OLinuXino design is improving continually, the other Linux boards have one or two revisions, our boards have many revisions (some of them 12 or more) as we listen to community feedback and implement new and new improvements, but keeping backward compatibility, so once you choose your OLINUXINO you can be sure you will get them always in same specs, just better and better with time. This is not toy board which will overheat, or use linear LDOs or have weak USB host capability and it will not reboot when exposed to noise like or competitors do :) Our boards are used in applications where reliable 24/7 operation is needed. Each detail of them is designed based on our 25+ years of experience. With the open source design nothing is hidden and you can check and evaluate every bit of them.

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#4 OFFLINE   Digerati

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Posted 13 July 2017 - 12:49 PM

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You can configure the pc to suit yourself. You can replace every bit if they fail. You can upgrade parts of the pc to suit your changing needs.
Not really. Sadly, there is no ATX Form Factor standard for notebooks like there is for the desktop/tower PC. If there were, there would be a thriving build-it-yourself notebook industry like there is with PC parts. This is a neat project, but you have very limited options to choose from initially, and even fewer should you wish to upgrade down the road. :(

And because it really is a proprietary system, there is no guarantee replacement parts will be available should they fail.

And of course, your software options are limited too.

It would be a fun project, but it sure will not replace an ATX compliant PC or a typical AMD/Intel notebook.
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#5 OFFLINE   V.T. Eric Layton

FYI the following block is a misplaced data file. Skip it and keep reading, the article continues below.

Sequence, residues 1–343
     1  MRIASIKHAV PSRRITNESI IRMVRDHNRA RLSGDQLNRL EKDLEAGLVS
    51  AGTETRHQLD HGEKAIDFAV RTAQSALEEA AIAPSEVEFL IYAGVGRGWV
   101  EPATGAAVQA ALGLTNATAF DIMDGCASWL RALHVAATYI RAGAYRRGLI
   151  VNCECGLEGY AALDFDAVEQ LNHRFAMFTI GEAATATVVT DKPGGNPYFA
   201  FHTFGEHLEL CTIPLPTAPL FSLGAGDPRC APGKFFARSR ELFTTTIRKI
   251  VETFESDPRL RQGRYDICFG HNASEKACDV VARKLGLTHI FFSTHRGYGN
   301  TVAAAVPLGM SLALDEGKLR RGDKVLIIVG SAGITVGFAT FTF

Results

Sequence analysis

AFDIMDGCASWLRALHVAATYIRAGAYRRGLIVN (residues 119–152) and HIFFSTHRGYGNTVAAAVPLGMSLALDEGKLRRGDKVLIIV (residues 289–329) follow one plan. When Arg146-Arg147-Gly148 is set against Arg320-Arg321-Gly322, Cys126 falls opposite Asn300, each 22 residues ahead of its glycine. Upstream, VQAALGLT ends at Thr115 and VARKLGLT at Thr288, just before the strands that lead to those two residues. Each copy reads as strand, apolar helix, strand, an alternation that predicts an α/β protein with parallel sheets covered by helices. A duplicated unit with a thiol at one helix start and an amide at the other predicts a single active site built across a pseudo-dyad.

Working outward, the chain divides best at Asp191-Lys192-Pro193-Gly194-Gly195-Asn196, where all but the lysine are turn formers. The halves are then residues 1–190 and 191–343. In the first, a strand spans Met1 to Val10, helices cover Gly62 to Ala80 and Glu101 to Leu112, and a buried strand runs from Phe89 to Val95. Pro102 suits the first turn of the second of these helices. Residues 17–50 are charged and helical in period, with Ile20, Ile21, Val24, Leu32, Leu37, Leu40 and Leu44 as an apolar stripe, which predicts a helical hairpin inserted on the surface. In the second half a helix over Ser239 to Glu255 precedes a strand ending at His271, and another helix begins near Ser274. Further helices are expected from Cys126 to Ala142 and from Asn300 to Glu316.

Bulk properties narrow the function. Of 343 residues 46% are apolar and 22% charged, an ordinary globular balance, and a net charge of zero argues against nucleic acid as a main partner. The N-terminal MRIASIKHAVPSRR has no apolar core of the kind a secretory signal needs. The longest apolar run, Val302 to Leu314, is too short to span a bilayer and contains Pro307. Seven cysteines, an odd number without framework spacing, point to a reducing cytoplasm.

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Posted 13 July 2017 - 01:31 PM

Laptops are a dime a dozen these days. I have close to a dozen of them, actually. Why in the world would I want to build one? ;)

#6 OFFLINE   raymac46

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Posted 14 July 2017 - 08:50 AM

Agree with Eric. For the money you can get a 3-4 year old off-lease Thinkpad that'll run Linux like a champ.
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#7 OFFLINE   Digerati

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Posted 14 July 2017 - 10:08 AM

View Postraymac46, on 14 July 2017 - 08:50 AM, said:

Agree with Eric. For the money you can get a 3-4 year old off-lease
This is true, if looking for the smallest hit on your bank account. But not everyone wants something used - especially when it comes to ever-evolving technologies. Something 4 years old (especially if proprietary like virtually all notebooks) may not even run W10 due to lack of driver support.

But yeah, if you shop around, you can get some killer deals on refurbished notebooks. But then you couldn't say you built it yourself which is much of lure here.

I have not purchased a PC in over 25 years. But I have built 100s. I tell my clients I cannot compete in price with Dell, HP, and Acer because I cannot go to Western Digital, ASUS, Micron and Microsoft and promise to buy 1,000,000 hard drives, motherboards, memory sticks and Windows licenses over the next year. But I can build a better PC, customized more to their exact needs than any of those makers. And my PCs will be able to evolve through several upgrades as the user matures and their needs change too.